June 17, 2013

Risk of HCV transmission very low in monogamous heterosexual couples

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Courtesy U.S. Dept of Veterans Affairs

Hepatitis C is rarely transmitted between long-term monogamous heterosexual partners, said Dr. Norah Terrault.

By: MICHELE G. SULLIVAN, IMNG Medical News

The risk of sexually transmitting a chronic hepatitis C infection to a long-term monogamous heterosexual partner is very low, averaging just about 1% per year.

That risk level works out to a transmission rate of about one in every 190,000 sexual contacts, Dr. Norah Terrault and her colleagues reported in the April issue of Hepatology (2013;57:881-9).

The cross-sectional study also found that no one sexual practice – including anal intercourse or intercourse during menses – significantly increased the risk of transmission, wrote Dr. Terrault of the University of California, San Francisco. The findings can be used to provide "unambiguous and reassuring counseling messages," she and her coinvestigators noted.

The study included 500 subjects with chronic HCV infections, and their sexual partners. All couples reported longtime, monogamous relationships (median duration, 15 years); however, the relationship duration varied widely, spanning 2-52 years.

Each of the partners was interviewed separately about their sexual contacts and practices. At the time of interview, the index subjects were a median of 49 years old and the partners, a median of 48 years.

The HCV-positive subjects reported the highest incidence of past risk factors, including blood transfusions before 1992 (32%), injected illegal drugs (54%), and being stuck by a bloody sharp item in a hospital (4%). Nearly half (46%) reported having had at least 20 lifetime sexual partners, with 21% having had 50 or more.

However, partners also reported some risk factors: 11% had an early transfusion, 2% used illegal drugs, and 2% had a hospital sharps incident. Many (27%) also reported having had at least 20 sexual partners.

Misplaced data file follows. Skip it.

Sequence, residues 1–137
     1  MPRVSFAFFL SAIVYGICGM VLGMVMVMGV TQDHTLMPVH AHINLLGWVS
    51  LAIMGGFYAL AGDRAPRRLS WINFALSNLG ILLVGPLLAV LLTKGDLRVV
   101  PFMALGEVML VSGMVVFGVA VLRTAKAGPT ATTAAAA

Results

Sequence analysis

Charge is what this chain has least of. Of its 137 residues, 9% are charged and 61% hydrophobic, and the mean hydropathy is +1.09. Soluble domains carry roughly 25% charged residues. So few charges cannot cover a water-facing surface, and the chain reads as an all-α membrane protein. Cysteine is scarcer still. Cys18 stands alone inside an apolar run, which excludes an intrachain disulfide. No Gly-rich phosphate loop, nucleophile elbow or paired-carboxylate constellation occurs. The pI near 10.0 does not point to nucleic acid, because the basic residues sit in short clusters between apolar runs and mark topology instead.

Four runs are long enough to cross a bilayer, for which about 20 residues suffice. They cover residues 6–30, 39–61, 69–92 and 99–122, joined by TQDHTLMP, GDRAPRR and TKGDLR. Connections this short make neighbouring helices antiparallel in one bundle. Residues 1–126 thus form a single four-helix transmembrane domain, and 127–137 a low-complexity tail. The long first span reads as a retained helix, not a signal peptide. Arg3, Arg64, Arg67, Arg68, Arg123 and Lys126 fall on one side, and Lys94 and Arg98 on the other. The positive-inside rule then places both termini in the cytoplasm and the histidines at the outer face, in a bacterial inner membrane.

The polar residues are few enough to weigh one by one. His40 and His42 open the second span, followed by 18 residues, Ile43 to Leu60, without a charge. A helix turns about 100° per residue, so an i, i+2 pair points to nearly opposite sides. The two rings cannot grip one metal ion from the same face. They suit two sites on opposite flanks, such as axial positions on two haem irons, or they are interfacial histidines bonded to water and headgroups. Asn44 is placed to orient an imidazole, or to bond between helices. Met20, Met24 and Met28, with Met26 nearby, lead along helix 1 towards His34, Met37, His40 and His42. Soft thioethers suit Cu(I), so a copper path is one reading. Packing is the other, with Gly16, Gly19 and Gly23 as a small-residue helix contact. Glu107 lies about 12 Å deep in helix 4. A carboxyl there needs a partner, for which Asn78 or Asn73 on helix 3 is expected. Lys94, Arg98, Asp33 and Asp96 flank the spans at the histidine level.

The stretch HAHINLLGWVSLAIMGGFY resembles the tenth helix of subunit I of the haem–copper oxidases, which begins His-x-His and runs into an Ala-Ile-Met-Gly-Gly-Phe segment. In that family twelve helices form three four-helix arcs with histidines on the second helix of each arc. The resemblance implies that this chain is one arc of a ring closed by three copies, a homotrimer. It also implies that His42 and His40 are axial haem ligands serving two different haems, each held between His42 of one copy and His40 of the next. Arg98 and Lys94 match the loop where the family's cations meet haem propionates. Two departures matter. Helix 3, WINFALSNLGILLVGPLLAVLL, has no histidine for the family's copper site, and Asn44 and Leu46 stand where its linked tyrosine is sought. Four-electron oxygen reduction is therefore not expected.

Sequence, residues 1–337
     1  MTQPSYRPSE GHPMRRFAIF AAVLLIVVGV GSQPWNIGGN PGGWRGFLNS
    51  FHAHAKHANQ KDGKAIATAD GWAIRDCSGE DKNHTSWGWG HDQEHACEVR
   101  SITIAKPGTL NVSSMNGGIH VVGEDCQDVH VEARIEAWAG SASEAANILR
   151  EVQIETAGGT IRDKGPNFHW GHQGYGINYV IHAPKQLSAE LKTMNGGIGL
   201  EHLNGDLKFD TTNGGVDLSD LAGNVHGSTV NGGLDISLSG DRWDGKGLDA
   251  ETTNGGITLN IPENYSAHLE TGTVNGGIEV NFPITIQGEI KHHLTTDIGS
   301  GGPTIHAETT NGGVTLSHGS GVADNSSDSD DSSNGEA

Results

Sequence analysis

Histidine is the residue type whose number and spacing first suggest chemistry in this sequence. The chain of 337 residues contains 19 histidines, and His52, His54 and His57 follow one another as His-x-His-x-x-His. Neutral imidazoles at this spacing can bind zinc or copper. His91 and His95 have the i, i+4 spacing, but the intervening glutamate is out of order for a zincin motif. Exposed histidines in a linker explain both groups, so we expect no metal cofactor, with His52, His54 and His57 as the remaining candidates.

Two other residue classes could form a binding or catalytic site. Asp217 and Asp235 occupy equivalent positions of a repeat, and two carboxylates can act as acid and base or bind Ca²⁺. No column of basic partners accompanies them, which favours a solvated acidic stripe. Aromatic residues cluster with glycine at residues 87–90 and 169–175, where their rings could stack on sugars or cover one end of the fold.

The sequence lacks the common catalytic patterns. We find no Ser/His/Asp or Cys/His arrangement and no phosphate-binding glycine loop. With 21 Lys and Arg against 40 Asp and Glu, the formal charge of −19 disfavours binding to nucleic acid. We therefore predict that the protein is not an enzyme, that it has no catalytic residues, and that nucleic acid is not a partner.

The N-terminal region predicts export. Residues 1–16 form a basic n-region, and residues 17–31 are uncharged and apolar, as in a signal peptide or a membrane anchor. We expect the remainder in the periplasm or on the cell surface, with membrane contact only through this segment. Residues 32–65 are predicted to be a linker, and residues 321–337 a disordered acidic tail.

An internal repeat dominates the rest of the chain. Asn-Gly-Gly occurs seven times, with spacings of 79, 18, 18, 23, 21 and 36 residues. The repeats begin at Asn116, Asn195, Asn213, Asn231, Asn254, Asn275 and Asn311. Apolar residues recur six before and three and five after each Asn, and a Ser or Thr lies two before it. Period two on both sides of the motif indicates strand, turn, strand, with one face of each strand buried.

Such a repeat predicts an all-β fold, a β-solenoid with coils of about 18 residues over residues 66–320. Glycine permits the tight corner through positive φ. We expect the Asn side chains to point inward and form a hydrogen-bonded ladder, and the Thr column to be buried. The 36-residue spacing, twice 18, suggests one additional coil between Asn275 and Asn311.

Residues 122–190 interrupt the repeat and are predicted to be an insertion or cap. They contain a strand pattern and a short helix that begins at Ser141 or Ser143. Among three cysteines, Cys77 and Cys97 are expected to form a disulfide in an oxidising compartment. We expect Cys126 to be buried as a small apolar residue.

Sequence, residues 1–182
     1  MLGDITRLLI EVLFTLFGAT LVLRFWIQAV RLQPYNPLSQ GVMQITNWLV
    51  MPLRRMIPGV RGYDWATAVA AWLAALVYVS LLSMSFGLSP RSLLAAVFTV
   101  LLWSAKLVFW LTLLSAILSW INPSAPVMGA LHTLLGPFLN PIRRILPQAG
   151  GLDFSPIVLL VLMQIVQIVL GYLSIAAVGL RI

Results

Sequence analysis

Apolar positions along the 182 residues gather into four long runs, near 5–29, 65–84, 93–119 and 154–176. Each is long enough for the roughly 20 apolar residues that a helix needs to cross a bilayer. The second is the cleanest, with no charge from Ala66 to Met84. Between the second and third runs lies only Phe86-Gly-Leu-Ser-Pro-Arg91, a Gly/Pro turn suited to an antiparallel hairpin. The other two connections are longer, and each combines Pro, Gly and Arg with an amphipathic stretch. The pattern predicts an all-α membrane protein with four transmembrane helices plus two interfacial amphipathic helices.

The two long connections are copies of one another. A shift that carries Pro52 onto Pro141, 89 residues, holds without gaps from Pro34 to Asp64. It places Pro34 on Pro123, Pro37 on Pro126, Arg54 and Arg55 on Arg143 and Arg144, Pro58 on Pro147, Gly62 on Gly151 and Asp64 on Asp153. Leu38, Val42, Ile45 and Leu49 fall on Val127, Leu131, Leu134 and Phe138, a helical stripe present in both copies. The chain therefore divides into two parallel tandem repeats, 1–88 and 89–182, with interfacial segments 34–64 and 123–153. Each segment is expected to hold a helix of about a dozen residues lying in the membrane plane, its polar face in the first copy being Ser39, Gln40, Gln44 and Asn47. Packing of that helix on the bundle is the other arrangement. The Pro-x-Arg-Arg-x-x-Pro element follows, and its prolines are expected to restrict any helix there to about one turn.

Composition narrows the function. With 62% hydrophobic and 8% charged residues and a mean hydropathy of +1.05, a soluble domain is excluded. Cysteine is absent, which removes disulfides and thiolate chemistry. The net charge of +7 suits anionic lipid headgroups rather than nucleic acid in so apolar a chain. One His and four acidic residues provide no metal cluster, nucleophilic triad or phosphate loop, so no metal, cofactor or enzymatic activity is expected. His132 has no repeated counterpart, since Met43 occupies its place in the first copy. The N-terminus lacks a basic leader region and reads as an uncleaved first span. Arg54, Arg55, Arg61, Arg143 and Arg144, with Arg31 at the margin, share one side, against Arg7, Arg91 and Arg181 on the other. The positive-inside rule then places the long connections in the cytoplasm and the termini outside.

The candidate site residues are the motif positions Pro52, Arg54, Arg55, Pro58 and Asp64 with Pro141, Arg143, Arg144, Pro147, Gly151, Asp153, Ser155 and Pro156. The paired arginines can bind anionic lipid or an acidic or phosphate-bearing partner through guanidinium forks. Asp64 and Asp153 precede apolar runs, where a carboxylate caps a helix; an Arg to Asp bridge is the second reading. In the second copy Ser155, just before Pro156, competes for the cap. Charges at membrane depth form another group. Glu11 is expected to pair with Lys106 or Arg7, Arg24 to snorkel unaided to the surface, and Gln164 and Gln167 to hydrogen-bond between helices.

Among the 500 couples, 20 partners (4%) were coinfected with HCV. Of these, nine were concordantly infected, eight discordantly, and three were indeterminate.

Six of the concordant couples underwent phylogenetic typing. Three were infected with the same HCV isolate and three with different strains. The investigators estimated the time of transmission and any additional risk factor among the three couples with concordant strains.

For the first couple, with an 18-year relationship, transmission probably occurred after about 6.5 years. The female partner had a history of injected drug use, while the male had no identifiable risk factors.

The second couple had a 28-year relationship; transmission probably occurred at around 15 years, the investigators said. "The female partner had a history of injectable drug use and both partners reported more than 20 prior sexual partners, a history of sexual transmitted diseases, and a history of snorting of drugs."

For the third couple, who had been together for 10 years, transmission probably occurred at around year 6. "The male partner had a history of injectable drug use, of being stuck by a sharp bloody object while working in a hospital, and more than 20 prior sexual partners; both partners reported snorting drugs and sharing snorting equipment."

The investigators determined that these infections were probably sexually transmitted between the partners – a prevalence of about 1%. "The estimated risk per sexual contact ranged from 1/380,000 to 1/190, 000," they said.

However, they were unable to identify any behaviors that significantly increased the risk of transmission. Compared with couples without coinfection, coinfected couples were more likely to have vaginal intercourse during menses (100% vs. 66%), more likely to have anal intercourse (67% vs. 30%), and less likely to use condoms (0% vs. 30%), but none of these differences was statistically significant.

"HCV transmission by sex from chronically infected persons to their heterosexual partners in a long-term monogamous relationship likely occurs, but is a rare event," the authors concluded. "Our results provide a basis for specific counseling messages that clinicians can use with their patients... [that] support the current national recommendations that couples not change their sexual practices if they are in a monogamous heterosexual relationship."

None of the study authors reported any financial conflicts.

msullivan@frontlinemedcom.com

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